I have now seen Detention no less than three times in the past two weeks; it is absolutely the highlight of this year’s Killtoberfest, and although I have a number of interesting films planned for these last few days, I fully expect that nothing will top this. This movie validates all of my ridiculous movie-watching habits, and by virtue of its quality and total absence from film conversation in 2011, indicts the entire industry. It is super good and there is a part where a child grows up to be a bully because his classmates cruelly nicknamed him “TV Hand” because there was always a TV on his hand. If this interests you, you’re reading the right review.

I’ve described this film as Scream meets Scott Pilgrim, and as being “popomopopomomo,” the school of filmmaking where the movie does something and then makes fun itself for doing that thing, even though it actually celebrates that thing, and then makes fun of itself for making fun of itself before it gets bored and does something else. (If that sounds exhausting, you’re probably more of a neo-neo-neo-classicist.) But what all these descriptions have in common is that they emphasize Detention‘s frenzied, ADD, channel-flipping tonal crazy quilt nature. That’s what makes Detention so fun, but it’s not what makes Detention awesome. (Nor is it the awesome montage of the past 20 years worth of music and fashion styles, or the awesome fact that the main character spends half the movie narrating her so-called life and the other half dressed like Claire Danes from My So-Called Life, or the awesome and subtle digs at the sexism present in teen movies, or even the unpredictably awesome performance from Dane freaking Cook, although those things are all, indeed, awesome. END PARENTHETICAL)

No, what makes Detention great (and Scott Pilgrim and other movies like it) is not just that it’s in a Millenial-infused, pop culture-heavy music video language, but that it uses that language to express simple but honest sentiment about the perils and yearnings of high school. I don’t know about your adolescence, but mine was about as incoherent as Detention depicts it. Sure, our mascot wasn’t a bear full of weirdly magnetic electronics and none of my teachers were comically gay and comically handsome at the same time and it’s very true that nobody decided to start severing limbs off the student body while dressed as a horror movie villain. But life as a teen is pretty much comedyromancetragedyboredommoviesironymusichorrorwtfohwell all jammed together in rapid succession all day every day. There’s a moment in Detention where the characters get drunk and just start dancing raunchily for no good reason while turtles hump on the TV behind them and hey, that’s just how it is. Teenagers are slaves to their hormones struggling to socialize with one another under pressure situations before their brains have fully formed, and sometimes things get random or silly or crazy or fucked up. Sometimes you’re naked in a Youtube video and sometimes there’s a suicide bomber and sometimes your favorite song is on.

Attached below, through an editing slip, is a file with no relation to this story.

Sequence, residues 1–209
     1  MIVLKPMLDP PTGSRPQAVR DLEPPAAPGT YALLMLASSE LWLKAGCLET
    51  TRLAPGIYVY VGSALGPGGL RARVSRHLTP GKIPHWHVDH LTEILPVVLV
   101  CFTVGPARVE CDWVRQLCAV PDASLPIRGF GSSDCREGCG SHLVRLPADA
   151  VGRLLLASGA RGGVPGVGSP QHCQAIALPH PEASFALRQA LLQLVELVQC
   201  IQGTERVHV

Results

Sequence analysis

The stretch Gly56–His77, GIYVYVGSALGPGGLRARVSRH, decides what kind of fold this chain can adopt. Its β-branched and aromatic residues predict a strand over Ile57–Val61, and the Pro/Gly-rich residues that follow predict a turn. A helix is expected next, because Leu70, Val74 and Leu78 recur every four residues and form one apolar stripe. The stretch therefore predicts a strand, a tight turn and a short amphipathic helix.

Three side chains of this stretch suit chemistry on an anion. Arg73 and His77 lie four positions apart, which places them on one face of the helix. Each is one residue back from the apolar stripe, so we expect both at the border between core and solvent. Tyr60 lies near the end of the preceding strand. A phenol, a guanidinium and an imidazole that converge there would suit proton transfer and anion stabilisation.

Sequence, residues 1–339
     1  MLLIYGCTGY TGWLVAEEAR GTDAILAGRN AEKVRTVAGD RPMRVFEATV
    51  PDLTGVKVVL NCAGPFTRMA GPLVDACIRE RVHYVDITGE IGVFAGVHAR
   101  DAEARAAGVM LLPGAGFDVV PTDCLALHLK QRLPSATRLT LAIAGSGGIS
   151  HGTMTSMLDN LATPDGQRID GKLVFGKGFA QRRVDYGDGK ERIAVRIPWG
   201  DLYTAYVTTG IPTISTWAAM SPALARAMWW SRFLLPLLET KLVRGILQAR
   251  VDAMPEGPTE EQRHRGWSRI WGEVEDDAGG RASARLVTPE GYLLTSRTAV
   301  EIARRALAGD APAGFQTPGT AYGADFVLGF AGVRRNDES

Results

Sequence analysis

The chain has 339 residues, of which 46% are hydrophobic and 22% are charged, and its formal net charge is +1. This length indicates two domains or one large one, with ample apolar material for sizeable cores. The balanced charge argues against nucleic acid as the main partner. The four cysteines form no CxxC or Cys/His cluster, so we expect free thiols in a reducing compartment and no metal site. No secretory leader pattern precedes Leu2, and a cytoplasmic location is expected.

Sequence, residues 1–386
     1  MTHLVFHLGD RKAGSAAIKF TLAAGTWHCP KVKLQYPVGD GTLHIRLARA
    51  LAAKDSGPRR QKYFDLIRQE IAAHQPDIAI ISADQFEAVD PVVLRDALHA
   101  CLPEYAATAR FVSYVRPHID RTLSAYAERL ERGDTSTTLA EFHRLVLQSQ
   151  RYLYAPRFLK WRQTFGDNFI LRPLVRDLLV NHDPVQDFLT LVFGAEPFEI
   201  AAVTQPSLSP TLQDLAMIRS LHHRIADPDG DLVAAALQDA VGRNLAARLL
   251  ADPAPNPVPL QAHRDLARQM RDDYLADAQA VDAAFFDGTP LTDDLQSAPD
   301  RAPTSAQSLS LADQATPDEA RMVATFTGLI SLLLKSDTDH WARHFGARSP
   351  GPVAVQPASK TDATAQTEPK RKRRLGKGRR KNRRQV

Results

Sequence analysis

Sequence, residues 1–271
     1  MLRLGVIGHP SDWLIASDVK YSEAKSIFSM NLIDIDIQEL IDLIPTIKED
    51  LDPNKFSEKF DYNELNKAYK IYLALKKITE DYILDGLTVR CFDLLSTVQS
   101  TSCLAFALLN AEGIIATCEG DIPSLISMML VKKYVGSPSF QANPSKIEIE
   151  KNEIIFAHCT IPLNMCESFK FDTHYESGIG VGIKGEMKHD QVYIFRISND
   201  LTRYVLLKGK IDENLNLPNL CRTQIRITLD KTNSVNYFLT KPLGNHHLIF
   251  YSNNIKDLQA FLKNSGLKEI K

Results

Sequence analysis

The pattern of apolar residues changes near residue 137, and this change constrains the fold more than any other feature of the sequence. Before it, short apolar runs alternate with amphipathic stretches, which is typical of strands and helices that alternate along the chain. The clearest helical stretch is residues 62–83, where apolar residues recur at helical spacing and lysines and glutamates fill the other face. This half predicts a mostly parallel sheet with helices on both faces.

The point is, everybody in Detention wants something and can’t have it (everybody! yes, even the bear) and that makes up the tragedy of their lives that time and circumstance turns into comedy or horror or science fiction. Detention gets the way culture is the lens through which we see the world, and it also gets that it doesn’t need to stage an entire food fight because it can cut after three seconds to everybody having stained clothes and we’ll understand what happened between shots. In other words, Detention is all about using cultural and filmmaking shorthand to express real, sincere emotion–and does so with an infectious, relentless positivity that puts the lie to the idea that post-modern irony means cynicism and emptiness. It’s paced like a rollercoaster but it always takes the time to let its characters feel, and despite all the twists and turns of the plot (each more ridiculous than the last) it never forgets that the characters and their desires are powering the story and providing the stakes. It never forgets anything else, either; there are dozens of callbacks and when I say the movie cannibalizes itself, I mean it does so like the proverbial Indians (is that racist?) using every part of the buffalo: nothing is wasted. The result is less movie than mix tape, an insane and beautiful collage of jokes and stories and songs and meta-awareness that always threatens to topple itself but never fails to please. You have been reading a review of Detention.